Background Although there are several treatment options available for patients with generalized vitiligo, their efficacy is still a matter of debate. Although shown to be effective, corticosteroids applied either systemically or topically carry the risk of significant side-effects in long-term therapy. We evaluated the effectiveness of intravenous methylprednisolone (8 mg/kg body weight) administered on three consecutive days in patients with generalized vitiligo.
Materials and methods A total of 14 patients with progressive or static vitiligo were included in a prospective, open, clinical study.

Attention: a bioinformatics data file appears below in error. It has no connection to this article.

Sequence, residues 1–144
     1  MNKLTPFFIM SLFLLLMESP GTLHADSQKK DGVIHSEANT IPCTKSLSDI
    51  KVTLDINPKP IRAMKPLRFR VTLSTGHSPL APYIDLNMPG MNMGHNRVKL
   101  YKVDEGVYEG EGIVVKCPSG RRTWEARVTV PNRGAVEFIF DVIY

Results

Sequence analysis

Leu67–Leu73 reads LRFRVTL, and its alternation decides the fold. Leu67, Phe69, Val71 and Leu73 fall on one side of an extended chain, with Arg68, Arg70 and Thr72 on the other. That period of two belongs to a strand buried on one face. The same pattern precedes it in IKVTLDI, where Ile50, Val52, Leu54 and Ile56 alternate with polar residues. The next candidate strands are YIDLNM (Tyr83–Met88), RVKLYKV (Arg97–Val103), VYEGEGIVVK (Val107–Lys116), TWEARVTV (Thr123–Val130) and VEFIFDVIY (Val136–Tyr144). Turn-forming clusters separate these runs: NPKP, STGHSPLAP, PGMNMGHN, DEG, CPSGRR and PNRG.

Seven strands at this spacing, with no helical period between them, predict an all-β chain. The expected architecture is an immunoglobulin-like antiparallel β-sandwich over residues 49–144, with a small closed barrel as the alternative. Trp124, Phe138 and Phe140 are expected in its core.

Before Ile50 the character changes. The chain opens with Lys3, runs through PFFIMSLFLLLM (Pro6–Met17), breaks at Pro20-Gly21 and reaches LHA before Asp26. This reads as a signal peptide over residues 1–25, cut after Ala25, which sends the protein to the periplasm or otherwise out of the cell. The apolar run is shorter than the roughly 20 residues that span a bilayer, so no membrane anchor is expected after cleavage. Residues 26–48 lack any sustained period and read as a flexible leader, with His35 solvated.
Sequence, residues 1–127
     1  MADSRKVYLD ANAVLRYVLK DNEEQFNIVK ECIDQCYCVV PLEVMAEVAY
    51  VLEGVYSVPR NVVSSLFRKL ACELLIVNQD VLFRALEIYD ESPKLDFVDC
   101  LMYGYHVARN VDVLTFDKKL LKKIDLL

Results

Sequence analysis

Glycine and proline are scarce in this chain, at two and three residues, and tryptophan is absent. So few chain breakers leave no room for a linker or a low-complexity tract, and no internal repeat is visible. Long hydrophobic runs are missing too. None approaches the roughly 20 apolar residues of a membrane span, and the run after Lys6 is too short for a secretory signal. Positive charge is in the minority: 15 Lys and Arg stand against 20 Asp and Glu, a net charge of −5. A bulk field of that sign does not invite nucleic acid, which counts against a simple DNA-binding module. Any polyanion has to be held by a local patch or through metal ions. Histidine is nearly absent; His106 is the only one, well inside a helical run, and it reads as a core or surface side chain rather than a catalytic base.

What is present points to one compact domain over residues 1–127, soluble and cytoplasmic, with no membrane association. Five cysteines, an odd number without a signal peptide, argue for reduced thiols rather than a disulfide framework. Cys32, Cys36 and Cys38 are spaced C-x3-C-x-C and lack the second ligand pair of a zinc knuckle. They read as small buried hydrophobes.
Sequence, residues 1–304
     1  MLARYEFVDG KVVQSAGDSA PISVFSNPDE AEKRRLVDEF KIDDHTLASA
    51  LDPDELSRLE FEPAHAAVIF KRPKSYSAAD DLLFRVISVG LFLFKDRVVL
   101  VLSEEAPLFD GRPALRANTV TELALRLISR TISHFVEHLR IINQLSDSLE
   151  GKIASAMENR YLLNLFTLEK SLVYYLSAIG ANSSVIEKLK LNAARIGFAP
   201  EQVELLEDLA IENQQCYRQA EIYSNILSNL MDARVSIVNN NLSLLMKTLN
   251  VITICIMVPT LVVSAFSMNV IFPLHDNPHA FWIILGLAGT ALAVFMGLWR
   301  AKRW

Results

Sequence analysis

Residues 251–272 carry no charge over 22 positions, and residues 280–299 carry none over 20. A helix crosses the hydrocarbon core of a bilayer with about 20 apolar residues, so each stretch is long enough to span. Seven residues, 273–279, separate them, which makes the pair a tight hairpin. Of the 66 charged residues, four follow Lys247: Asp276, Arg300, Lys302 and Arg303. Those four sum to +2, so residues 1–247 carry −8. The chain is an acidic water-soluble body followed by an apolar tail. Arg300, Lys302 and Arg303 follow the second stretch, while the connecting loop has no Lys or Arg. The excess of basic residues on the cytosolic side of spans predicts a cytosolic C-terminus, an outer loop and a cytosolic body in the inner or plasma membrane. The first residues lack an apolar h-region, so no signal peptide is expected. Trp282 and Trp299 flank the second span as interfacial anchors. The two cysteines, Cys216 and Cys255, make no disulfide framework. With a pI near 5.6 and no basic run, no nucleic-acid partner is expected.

Results Eighty-five per cent of the patients presenting with progressive disease showed cessation of disease progression after the infusion therapy. Repigmentation was observed in 71% of patients with progressive vitiligo. None of the six patients presenting with static disease showed any repigmentation in response to this form of treatment. The therapy was well tolerated in all but one patient who developed intermittent arterial hypertension during therapy.
Conclusions High-dose glucocorticoid pulse therapy may represent a therapeutic option in patients with generalized progressive vitiligo, and should be further evaluated in a prospective, randomized, clinical trial.